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Example overhead allocation

The below is an example of how to calculate the overhead allocation. You can do this for any period of time, so long as you consistently apply that same period.

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In this example, the client should allocate an extra $80 per hour service delivery. 

Calculating the total cost

Now that you know how to allocate the costs to services, you can calculate for your clients how much it costs them to provide a service. 

Example service cost calculation 

Following on from the above example, here is an example of of the full costing process: 

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Cost calculation 

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Determining the price

Once you know your clients costs are covered, the actual price to charge will be based on what their profit aims are in their business (made realistic of course, by comparing to competitors and market standards where available). 

If based on the example above, and your client would like to make a 20% net profit for this service, the price would be calculated as follows: 

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Your client can apply their profit expectations as a blanket percentage across all services, or a service-by-service basis if they acknowledge, due to market factors, a particular service will be ‘cheaper’ and have lower margins. 

Pricing matrix

In any professional service business, clients come in different shapes and sizes, which will impact the services that are offered and the pricing.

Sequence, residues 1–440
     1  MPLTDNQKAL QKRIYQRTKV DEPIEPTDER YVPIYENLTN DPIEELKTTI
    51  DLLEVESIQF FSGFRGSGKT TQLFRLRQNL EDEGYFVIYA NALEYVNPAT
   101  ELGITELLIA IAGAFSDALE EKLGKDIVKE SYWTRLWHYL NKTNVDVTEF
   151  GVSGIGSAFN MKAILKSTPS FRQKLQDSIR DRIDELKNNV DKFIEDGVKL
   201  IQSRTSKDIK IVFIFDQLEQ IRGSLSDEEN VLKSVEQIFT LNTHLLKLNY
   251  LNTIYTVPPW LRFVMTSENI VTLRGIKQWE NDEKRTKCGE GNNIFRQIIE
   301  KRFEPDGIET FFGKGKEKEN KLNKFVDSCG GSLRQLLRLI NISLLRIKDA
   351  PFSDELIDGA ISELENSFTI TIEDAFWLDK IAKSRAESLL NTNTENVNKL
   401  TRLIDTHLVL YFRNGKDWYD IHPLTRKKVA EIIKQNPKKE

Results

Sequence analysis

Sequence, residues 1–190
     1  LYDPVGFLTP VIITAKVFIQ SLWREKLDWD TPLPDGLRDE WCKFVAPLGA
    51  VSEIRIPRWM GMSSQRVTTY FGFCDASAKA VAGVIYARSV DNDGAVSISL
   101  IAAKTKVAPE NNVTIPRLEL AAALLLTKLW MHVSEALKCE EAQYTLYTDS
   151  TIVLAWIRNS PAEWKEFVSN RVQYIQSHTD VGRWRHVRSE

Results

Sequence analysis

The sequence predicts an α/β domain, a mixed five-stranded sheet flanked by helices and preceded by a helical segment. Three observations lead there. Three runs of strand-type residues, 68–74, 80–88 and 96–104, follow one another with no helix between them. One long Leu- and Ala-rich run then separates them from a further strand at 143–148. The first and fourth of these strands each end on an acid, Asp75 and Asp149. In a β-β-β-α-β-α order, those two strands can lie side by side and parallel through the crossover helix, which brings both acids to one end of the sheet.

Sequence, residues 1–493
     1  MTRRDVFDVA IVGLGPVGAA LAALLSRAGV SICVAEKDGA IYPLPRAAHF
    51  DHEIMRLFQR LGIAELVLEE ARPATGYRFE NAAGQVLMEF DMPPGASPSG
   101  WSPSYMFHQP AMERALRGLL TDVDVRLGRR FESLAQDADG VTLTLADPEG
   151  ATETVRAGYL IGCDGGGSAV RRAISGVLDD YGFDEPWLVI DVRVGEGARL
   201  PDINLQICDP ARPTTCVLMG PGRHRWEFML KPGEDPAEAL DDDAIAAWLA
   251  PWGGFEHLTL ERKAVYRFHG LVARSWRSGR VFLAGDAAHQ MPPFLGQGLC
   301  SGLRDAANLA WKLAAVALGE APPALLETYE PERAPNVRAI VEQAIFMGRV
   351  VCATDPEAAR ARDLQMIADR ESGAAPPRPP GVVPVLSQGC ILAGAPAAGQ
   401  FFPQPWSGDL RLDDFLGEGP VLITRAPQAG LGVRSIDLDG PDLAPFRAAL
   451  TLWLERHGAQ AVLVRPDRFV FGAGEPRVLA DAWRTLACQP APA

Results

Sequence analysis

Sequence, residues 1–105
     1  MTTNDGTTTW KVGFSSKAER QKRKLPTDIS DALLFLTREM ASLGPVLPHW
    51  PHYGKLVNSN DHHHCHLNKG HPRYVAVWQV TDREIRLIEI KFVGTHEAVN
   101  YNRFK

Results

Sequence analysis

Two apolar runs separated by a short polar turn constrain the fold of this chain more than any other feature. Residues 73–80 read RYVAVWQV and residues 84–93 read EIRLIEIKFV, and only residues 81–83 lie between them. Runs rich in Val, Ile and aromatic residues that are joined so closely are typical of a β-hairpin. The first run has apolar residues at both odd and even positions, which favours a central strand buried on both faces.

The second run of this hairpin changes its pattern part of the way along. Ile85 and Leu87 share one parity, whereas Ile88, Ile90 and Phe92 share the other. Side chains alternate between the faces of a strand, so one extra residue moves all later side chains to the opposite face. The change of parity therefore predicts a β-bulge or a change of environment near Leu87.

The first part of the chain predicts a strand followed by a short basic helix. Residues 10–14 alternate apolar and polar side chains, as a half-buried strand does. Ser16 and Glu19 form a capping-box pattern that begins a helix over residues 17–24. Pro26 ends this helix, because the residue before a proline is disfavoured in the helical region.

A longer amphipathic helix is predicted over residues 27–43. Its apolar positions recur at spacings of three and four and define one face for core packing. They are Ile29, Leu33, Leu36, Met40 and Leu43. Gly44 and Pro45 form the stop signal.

When calculating the cost of service delivery in this process, you may find that one service type will have multiple prices needed based on the category of their clients. This will likely be as the time inputs and cost will vary depending on the ‘size of the job’.

If this occurs, you will need to work with your clients to build a pricing matrix that will provide for tiered pricing across your clients services. 

To do this, you will first need to determine with your clients how best to categorize their clients. Will it be based on business size, number of locations, size of project, number of employees, and so on. 

Once you know how to categorize the clients, you need to identify how the inputs change based on different size clients/projects that are using the same service. For example, does a multi-location business take more hours to deliver a service versus a single location?